Once you truly accept responsibility for how you feel and behave, your emotional intelligence will improve.
Focus on Responding, Not Reacting
As you take responsibility for your feelings and behavior, you might find yourself better able to respond to people and situations rather than simply react. There is a subtle but important difference between the two.
Reacting is like a reflex, an unconscious effect. When your emotions are triggered by something, you may feel like reacting in a way that expresses emotion. For example, you might snap at your kids when they interrupt your work. Or you might get defensive when your boss offers what he or she thinks is constructive criticism. Wanting to react is natural, but it’s much better to respond instead.
Responding involves a conscious process. It requires you to take note of how you feel and then cognitively decide how to behave. Maybe instead of getting defensive with your boss, you realize you’re feeling that way and decide to take the criticism as a learning experience. Or when your son interrupts you, rather than lashing out you take a minute to explain why now is not a good time for an interruption. Rather than uncontrolled reactions, these are emotionally intelligent ways to respond. It takes practice, so be patient with yourself as you work on responding.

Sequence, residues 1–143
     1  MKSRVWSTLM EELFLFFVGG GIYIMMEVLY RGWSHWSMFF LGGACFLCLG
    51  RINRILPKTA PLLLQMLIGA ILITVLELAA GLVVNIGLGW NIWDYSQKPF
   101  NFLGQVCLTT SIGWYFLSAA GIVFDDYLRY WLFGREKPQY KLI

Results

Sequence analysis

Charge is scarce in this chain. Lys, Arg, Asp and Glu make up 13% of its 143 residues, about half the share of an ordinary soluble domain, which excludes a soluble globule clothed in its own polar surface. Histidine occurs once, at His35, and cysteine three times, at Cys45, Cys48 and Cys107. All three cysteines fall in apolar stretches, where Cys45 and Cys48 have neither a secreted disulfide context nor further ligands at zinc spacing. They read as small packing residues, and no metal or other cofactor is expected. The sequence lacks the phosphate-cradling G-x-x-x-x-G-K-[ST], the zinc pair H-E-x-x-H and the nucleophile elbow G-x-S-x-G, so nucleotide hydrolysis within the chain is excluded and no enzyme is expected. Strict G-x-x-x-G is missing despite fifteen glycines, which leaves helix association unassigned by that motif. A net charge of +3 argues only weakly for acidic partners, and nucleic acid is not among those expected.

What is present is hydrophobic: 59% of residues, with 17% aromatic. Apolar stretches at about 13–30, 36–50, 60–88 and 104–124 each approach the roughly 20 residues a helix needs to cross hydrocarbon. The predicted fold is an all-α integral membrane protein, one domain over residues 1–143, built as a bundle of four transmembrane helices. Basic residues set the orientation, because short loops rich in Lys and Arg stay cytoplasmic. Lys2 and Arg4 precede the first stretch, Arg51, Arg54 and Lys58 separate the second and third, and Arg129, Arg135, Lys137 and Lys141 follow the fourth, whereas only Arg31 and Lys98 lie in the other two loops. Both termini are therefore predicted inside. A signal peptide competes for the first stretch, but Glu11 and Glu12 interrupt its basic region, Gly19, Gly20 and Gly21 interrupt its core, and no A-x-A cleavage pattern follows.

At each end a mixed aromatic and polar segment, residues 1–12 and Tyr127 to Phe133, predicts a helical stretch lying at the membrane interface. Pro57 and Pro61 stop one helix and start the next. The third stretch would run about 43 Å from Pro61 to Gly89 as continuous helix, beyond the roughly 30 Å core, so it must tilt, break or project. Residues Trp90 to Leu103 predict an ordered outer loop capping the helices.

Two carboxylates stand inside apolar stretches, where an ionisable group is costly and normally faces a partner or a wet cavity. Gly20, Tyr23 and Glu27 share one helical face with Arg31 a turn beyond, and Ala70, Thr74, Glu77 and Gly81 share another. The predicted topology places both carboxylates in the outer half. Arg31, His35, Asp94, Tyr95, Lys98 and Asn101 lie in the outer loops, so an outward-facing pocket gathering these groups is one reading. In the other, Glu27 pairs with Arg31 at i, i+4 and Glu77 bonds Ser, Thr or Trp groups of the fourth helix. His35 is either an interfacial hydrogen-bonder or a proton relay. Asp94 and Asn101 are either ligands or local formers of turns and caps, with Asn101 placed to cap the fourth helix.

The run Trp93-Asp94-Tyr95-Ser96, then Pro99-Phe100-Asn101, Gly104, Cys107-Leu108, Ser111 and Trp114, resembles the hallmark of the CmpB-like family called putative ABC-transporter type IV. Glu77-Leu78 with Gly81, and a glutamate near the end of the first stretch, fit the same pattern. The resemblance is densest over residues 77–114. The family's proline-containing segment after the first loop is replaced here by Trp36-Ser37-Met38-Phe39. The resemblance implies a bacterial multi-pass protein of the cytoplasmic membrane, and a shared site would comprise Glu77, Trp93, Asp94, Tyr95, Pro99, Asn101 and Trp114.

Embrace the Process of Emotional Growth
Emotional intelligence isn’t an achievement — it’s a lifetime pursuit. It’s always possible to get better at it as you go through your own emotional healing process. You may get to a point where you feel like you’ve mastered it but don’t neglect your emotional intelligence. If properly cared for and maintained, it can serve you well for your entire life.
Could Trapped Emotions Interfere with Your Emotional Intelligence?
When you have trapped emotions — and we believe most people have several — you might find yourself easily falling into certain emotions. For example, do you feel you easily become jealous, frustrated, anxious, or feel worthless or guilty? Does it seem like your reactions to people and circumstances have a pattern that you don’t understand and seems like overkill?